Most of the time, my wife lovingly tunes out when I talk about photography. Every once in a while, though, she shares her thoughts. I always value her comments highly because they do not come from a photographer or artist, but just a simple, everyday viewer. And, when it comes to my photography, she is more than willing to be a hard reviewer, so none of that, “oh, that’s great honey” jazz. Here were her thoughts, as best I can recall, for the photos in the recent Graveyard Shift gallery.
Feel free to leave your own comments below. And please, leave some negative comments. Positive comments are only good for buffering the hard stuff.
This was her favorite. Good thing, because I like to start strong. She liked the action, watching this guy hunt for his time card. She also likes (foreshadowing her dislikes) that he does not know I am there, primarily because she does not want think about a photographer in the scene, but to just be a part of the scene.
She also liked the framing. When she mentioned it, I realized the door looked very distorted. My mind started thinking through if it was barrel distortion because of the lens or just a strange angle that caused it, and then how to fix it. She liked it precisely because it was curved. It was not interesting if straight. Ok. I will leave it.
I was personally waiting to see if the hand was too hard to notice, if a glace would pass right over it, but she did not have any problem there. She did not want to be this close in, though. She wanted to see the person checking in, not the hand only. She felt the focus was the clock and not the people. It made her feel like this person knows the photographer is right there, and it took her out of the story.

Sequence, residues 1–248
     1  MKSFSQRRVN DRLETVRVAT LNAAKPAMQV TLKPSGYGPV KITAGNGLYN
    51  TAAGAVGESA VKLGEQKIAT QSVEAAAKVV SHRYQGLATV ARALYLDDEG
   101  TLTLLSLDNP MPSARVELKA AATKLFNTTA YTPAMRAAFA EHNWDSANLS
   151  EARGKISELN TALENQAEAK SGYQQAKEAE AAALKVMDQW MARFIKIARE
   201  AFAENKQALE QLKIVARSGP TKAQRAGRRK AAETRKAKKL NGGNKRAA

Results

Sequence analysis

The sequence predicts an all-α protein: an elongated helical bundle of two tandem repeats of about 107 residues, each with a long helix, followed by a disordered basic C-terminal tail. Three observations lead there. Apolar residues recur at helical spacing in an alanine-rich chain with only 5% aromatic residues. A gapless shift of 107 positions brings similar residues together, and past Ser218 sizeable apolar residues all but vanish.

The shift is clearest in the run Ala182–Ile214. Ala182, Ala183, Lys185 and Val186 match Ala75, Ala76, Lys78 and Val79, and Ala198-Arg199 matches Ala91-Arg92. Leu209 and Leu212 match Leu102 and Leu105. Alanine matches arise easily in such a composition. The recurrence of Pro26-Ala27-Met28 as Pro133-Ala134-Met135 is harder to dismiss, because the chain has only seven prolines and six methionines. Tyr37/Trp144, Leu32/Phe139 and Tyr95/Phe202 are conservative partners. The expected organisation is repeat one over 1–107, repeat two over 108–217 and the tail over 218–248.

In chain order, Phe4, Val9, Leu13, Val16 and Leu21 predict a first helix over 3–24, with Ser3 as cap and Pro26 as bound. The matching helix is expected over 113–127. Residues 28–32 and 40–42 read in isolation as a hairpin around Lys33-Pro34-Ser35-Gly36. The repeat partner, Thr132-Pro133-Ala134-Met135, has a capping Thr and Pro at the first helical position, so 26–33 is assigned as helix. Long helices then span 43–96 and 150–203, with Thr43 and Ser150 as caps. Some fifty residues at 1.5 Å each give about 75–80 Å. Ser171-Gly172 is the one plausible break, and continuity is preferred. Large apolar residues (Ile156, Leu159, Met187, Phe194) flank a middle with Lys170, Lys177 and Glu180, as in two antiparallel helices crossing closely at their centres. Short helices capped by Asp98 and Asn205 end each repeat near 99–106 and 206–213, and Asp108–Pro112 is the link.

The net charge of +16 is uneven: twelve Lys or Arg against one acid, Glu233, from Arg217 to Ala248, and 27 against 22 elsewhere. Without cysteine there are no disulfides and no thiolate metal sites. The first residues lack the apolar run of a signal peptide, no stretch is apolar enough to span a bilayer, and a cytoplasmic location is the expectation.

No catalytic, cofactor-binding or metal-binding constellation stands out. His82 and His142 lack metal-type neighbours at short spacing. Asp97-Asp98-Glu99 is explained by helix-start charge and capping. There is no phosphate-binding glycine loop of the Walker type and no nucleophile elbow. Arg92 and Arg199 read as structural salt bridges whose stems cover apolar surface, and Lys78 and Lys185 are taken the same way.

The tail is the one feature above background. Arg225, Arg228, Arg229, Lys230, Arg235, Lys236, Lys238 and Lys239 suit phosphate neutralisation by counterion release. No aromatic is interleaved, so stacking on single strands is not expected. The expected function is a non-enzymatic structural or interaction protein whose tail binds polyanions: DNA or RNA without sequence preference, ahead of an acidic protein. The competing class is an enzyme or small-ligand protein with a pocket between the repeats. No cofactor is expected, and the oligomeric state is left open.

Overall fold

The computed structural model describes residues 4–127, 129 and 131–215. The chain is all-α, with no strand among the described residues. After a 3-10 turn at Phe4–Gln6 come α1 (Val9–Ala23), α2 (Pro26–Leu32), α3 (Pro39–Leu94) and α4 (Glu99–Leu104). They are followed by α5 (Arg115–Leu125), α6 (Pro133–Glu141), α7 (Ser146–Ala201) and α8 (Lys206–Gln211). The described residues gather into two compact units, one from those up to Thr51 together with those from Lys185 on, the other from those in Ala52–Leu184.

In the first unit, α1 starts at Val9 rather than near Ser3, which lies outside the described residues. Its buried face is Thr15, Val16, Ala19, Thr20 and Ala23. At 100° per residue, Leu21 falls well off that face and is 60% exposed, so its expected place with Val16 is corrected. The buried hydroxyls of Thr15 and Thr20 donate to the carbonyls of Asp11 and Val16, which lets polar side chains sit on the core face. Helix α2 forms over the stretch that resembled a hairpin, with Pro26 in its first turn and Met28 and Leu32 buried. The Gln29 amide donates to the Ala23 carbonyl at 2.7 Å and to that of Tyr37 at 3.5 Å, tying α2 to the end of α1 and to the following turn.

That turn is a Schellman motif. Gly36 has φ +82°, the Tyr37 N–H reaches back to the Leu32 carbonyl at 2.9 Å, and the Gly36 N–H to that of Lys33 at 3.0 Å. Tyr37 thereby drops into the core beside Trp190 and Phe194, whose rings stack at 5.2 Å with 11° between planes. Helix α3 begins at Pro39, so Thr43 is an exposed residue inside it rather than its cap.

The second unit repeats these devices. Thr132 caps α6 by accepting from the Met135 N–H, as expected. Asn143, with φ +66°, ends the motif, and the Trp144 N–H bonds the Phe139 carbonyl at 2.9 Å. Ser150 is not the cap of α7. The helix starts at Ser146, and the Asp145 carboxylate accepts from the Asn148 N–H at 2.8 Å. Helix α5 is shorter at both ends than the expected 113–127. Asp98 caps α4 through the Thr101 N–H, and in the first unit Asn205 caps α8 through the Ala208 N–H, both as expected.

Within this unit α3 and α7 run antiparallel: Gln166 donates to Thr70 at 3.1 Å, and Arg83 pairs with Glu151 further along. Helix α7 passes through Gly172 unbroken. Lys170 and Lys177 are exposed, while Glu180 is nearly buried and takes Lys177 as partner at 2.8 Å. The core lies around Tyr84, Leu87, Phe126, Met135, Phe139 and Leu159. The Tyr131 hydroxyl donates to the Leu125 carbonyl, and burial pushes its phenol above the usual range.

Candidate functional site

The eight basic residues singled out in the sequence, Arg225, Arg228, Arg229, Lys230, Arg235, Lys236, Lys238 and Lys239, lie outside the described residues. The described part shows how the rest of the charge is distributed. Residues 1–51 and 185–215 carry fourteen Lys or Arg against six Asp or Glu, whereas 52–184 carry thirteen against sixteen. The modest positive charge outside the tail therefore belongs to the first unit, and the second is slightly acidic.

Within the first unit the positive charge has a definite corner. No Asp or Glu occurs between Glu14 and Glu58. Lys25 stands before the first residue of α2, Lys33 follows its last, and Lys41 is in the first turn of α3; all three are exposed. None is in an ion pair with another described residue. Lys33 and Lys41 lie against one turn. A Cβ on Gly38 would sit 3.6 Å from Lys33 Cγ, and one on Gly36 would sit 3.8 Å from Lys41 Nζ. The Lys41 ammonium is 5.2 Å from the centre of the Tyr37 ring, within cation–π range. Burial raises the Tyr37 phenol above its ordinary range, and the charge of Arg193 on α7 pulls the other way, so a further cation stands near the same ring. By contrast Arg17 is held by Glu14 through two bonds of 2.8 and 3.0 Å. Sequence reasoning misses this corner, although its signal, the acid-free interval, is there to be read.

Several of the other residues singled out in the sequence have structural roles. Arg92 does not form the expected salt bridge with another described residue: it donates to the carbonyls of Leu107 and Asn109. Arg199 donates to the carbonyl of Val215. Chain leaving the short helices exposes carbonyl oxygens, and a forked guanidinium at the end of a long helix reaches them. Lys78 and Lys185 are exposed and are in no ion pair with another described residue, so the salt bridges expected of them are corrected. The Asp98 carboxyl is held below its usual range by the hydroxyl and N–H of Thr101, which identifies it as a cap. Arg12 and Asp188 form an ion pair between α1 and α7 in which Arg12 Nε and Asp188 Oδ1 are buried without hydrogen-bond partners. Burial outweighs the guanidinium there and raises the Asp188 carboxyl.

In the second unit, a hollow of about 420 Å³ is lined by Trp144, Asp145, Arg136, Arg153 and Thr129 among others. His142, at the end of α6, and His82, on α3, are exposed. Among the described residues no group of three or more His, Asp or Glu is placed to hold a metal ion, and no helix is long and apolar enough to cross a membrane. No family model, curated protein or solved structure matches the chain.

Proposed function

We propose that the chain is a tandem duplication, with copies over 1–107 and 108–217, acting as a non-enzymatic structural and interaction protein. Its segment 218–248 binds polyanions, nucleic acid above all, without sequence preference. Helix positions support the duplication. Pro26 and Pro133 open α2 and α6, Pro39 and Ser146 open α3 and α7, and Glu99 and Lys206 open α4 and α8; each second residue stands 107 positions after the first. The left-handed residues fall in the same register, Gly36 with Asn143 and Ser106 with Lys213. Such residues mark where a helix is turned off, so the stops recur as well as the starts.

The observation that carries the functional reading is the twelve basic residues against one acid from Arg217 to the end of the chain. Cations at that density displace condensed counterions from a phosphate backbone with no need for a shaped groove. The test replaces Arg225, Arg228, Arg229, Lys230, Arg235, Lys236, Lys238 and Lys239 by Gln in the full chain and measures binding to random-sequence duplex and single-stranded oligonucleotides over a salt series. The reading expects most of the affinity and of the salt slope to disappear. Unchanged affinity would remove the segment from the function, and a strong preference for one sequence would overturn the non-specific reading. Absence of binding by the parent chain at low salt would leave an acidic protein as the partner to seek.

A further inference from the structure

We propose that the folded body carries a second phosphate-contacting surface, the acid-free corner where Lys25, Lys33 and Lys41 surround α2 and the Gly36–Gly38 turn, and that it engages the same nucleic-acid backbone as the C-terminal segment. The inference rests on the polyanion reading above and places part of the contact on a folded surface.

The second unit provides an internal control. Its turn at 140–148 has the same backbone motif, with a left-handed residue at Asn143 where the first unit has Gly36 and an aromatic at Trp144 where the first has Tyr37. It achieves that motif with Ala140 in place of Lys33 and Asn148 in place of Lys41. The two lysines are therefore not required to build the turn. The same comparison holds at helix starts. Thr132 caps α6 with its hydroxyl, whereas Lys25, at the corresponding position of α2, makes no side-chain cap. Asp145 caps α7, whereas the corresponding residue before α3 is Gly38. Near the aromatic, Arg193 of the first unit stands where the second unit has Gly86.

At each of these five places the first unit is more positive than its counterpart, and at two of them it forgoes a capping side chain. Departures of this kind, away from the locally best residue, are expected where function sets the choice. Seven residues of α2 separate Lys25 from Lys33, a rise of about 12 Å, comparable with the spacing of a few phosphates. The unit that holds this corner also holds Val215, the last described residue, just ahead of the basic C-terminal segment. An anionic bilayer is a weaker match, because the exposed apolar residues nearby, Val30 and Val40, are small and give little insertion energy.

This was my personal favorite, but not my wife’s. Actually…the more I look, the less I like this one…do not know why. Again, she felt these two were almost posing. They know the photographer is there and are not natural. Interesting comment. It is totally natural. They knew I was there, yes, but were just talking. I do not know what other think, but I still find the comment interesting, because often the truth does not matter, the perception of what is going on is truth to the viewer.
Her only complaint here was she wanted to see more people. Just one person did not cut it. I liked the lonliness of it…it is the midnight shift, after all, but I could not convince her.
Again, she wanted more people. I did too, for this one, but they left one by one, so there was little I could do. She did not dig the foreground parked motorcycle.
Again, she felt like these two guys were almost posing. Again, they knew I was there, but I am pretty sure they did not know I was taking a photo. She (nor I) was very fond of the lack of action or their stance or whatever you want to call it instead of pose. They walked out and walked in. I thought I was going to get something else, but it just did not happen.
Overall, this story could be much stronger if I hit the shift change a few nights in a row. All these reflect about 20 minutes outside, with a good 15 minutes sitting around waiting for the shift change bell and some movement to happen. It was a helpful experiment for me, though, and is one more step in developing those story telling muscles.